June 30, 2016 Read More →

In ‘Three Amigos’ Energy-Transition Agreement, North America Grows Closer as Europe Fractures

Jean Chemnick and Emily Holden for E&E:

North America’s energy politics got a little more intertwined yesterday as President Obama, Canadian Prime Minister Justin Trudeau and Mexican President Enrique Peña Nieto agreed to green the continent’s power and petroleum sectors and present a joint front across a range of international negotiations.

Environmental activists, many of whom are still grappling with the climate impacts of Britain’s exit from the European Union, hailed the air of cooperation at the North American Leaders’ Summit.

“As Europe is disintegrating, North America is integrating, and it’s integrating in a way that I think provides real and substantive and tangible benefits to the citizens of the three countries,” said Drew Nelson, senior manager for natural gas at the Environmental Defense Fund, in an interview from Ottawa, Ontario, where the gathering took place.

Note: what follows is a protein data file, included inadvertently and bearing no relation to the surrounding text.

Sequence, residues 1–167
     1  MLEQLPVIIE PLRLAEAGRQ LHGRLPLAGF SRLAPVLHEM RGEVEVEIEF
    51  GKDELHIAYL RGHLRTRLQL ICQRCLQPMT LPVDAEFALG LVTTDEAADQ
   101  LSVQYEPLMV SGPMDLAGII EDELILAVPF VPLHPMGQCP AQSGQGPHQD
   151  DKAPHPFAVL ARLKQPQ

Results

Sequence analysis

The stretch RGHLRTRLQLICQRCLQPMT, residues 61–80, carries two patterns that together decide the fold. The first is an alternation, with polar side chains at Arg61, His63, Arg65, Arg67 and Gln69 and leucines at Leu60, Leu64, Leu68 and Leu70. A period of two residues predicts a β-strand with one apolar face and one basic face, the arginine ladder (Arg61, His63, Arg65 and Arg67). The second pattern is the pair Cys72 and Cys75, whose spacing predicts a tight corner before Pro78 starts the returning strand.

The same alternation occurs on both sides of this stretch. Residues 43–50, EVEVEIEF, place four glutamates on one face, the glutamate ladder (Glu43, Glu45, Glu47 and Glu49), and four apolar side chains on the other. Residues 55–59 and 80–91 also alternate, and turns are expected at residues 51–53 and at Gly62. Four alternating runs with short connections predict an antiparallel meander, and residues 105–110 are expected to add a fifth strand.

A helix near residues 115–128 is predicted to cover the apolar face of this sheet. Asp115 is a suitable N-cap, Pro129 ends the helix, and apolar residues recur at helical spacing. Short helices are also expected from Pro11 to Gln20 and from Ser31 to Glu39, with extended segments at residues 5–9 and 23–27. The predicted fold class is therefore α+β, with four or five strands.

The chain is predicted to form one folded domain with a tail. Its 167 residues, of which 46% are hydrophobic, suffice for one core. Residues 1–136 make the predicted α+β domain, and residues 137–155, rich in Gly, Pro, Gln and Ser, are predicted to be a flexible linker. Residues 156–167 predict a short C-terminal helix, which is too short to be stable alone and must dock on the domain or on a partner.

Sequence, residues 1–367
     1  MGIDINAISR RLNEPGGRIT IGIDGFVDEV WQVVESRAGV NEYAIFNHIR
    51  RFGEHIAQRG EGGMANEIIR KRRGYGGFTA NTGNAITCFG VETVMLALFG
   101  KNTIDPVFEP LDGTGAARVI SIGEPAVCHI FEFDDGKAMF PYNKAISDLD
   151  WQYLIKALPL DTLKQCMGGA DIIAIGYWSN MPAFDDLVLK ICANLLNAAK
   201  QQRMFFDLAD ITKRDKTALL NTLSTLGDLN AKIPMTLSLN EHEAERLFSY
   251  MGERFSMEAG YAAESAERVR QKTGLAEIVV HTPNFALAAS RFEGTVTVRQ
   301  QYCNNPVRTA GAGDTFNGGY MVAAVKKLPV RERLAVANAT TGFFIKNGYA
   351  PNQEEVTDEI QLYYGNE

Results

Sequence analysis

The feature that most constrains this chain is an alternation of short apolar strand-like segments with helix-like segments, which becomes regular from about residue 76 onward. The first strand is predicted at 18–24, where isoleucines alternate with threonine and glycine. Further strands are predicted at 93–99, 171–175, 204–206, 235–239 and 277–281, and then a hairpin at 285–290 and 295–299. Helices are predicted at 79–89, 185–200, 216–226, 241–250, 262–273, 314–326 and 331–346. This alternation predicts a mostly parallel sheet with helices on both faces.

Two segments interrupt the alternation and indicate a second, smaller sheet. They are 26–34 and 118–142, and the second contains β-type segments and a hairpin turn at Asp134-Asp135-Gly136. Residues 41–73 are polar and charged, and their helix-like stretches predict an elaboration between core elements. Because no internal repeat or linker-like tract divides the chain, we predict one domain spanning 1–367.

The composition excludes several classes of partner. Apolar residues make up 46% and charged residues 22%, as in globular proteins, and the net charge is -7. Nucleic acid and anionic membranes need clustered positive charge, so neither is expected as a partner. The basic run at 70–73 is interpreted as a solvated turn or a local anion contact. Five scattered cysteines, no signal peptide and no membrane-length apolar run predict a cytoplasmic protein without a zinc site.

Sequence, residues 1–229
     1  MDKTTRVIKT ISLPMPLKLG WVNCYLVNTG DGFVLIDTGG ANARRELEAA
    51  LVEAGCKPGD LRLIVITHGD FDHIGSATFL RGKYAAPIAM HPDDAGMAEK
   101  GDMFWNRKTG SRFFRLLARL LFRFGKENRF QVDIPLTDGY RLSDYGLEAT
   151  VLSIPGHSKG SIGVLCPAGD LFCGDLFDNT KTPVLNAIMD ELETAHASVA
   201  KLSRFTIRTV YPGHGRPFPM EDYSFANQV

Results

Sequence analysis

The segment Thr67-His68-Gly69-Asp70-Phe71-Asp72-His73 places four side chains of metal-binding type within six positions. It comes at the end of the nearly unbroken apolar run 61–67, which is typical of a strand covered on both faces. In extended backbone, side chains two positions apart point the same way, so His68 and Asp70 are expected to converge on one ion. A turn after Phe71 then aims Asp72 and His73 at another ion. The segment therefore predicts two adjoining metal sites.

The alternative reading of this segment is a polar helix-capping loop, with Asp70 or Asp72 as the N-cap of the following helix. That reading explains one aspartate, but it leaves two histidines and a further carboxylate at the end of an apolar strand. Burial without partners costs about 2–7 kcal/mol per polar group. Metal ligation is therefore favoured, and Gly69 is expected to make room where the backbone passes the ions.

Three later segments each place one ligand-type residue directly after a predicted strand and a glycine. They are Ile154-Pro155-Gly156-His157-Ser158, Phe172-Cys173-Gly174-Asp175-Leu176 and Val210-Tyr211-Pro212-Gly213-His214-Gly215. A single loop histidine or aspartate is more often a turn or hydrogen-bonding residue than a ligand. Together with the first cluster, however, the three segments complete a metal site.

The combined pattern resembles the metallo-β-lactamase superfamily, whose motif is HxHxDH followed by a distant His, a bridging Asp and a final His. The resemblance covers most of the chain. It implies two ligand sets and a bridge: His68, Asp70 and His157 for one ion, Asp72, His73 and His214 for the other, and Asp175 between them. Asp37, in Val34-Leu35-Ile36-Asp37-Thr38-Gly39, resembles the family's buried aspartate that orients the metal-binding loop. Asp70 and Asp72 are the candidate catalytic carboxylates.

Full article: 7 questions about the ‘Three Amigos’ energy deal

Molly Christian for SNL:

To achieve these priorities, the U.S., Canada and Mexico will align 10 efficiency standards or equipment test procedures by the end of 2019. They will also collaborate on cross-border transmission lines, including six proposed or pending projects that will add about 5,000 MW of capacity. The countries will identify joint research and demonstration activities in areas such as grid and energy storage, methane emissions cuts, carbon capture and storage, and building energy efficiency. As part of the pact, the U.S. General Services Administration, which manages 9,600 federally owned and leased buildings, will commit to procuring all its energy from clean sources by 2025. The U.S., Canada and Mexico also vowed to “phase out inefficient fossil fuel subsidies” by 2025 and call on other G-20 members to do the same.

The White House said existing initiatives and policies will help North American reach the 50%-by-2025 threshold. Mexico’s Energy Transition Law requires the country to increase its clean energy output to 35% by 2024, nearly double the current share, and Canada is taking action to grow renewable and hydroelectric generation. The U.S. EPA’s Clean Power Plan and recent extensions to federal wind and solar tax credits are expected to help lift the country’s share of renewable and nuclear output to 43% by 2025.

Although more work is needed to meet the new objectives, there are “realistic paths to achieving them,” Trudeau said.

Full article: North American leaders assure feasibility of new clean energy target

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